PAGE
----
37. In Dr. Mukhtiar Chand & Ors. Vs. State of Punjab & Ors. AIR 1999 SC 468, this Court examined the issue of delegation of power dealing with the provisions of the Drugs and Cosmetics Act, 1940 wherein various observations have been made regarding registered medical practitioners and certain rules therein had been declared ultra vires by the High Court. However, the issue involved herein had not been raised in that case, though an observation has been made that persons enrolled on the State register under accepted law who enjoyed the privileges including the privilege to practice in any system of medicine may under certain circumstances also practice other system of medicine. In the said case, the issue was confined to the rights of those persons who were otherwise entitled to prescribe all medicines under the Drugs and Cosmetics Act, 1940 and the issue involved herein i.e. as to whether a person having no qualification as prescribed under the provisions of Act 1970 can be held to be qualified and entitled to practice Indian medicines, was not involved in Dr. Mukhtiar Chand (supra).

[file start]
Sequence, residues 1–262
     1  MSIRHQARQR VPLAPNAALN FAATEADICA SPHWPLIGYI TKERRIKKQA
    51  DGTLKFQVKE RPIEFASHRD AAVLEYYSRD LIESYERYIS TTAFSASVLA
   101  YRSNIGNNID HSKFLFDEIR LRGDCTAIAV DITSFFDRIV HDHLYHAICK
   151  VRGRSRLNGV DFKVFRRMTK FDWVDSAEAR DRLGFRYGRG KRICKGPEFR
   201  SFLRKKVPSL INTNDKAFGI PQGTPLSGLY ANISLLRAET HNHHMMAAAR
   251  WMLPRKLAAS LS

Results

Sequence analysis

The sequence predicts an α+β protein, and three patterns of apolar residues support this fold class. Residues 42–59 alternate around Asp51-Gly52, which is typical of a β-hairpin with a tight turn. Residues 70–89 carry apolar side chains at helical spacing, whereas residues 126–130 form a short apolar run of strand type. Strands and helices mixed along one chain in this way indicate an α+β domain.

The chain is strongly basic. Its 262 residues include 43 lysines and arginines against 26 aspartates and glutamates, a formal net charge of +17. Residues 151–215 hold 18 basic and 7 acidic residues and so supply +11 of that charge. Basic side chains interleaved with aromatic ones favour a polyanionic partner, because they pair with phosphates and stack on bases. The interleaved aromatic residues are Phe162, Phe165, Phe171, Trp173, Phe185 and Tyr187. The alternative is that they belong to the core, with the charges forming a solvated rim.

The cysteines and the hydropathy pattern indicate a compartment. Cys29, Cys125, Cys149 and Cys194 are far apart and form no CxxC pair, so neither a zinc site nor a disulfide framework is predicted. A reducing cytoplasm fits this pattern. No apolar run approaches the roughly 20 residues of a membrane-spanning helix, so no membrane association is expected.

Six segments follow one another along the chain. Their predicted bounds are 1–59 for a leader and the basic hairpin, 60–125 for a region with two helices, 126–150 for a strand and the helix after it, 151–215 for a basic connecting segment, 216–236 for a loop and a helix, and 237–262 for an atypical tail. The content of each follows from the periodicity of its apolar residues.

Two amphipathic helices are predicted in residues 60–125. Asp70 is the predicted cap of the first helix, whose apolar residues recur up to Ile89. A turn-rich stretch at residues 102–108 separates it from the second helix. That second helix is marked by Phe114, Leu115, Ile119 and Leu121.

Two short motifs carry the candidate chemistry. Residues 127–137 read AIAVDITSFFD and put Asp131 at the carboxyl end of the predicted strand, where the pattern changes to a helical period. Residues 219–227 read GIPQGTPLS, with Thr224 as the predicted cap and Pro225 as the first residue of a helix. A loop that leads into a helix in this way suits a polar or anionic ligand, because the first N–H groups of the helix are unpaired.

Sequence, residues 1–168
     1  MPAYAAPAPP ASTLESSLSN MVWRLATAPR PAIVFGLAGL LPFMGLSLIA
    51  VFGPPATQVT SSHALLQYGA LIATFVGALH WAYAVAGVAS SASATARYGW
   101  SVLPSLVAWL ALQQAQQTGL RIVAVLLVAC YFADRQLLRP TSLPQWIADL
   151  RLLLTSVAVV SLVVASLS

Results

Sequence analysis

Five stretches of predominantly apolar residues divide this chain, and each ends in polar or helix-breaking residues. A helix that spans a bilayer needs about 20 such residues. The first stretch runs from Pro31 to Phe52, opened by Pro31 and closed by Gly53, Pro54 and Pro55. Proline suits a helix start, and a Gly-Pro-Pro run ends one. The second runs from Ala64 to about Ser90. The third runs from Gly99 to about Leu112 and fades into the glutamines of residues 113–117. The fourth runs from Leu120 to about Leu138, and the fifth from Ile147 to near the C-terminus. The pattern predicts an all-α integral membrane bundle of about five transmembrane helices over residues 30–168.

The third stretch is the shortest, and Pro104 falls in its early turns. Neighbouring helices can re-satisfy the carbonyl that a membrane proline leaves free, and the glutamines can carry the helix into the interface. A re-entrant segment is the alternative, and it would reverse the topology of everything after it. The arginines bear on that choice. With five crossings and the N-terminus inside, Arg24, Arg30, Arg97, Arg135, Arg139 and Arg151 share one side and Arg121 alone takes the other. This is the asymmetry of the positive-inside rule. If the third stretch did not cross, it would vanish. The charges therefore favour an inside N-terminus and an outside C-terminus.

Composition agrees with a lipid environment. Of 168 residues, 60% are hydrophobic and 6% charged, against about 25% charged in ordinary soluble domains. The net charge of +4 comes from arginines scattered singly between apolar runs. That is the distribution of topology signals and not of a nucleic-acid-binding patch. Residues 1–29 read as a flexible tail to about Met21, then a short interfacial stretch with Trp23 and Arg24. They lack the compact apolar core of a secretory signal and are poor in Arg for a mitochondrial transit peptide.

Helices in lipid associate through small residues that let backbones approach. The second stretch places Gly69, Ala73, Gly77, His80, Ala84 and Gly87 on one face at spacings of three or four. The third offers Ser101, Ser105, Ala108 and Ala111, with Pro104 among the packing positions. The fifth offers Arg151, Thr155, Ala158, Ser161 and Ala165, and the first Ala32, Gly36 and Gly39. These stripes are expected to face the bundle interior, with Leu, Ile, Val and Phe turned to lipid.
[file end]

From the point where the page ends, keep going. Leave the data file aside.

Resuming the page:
38. This Court in SLP (C) No. 22124 of 2002, Vaid Brij Bhushan Sharma Vs. Board of Ayur & Unani Systems, Med. & Anr. decided on 2.12.2002 also re-iterated the view that issue involved in Dr. Mukhtiar Chand (supra) was quite different and persons possessing such certificates were not entitled to practice. The Court held as under:-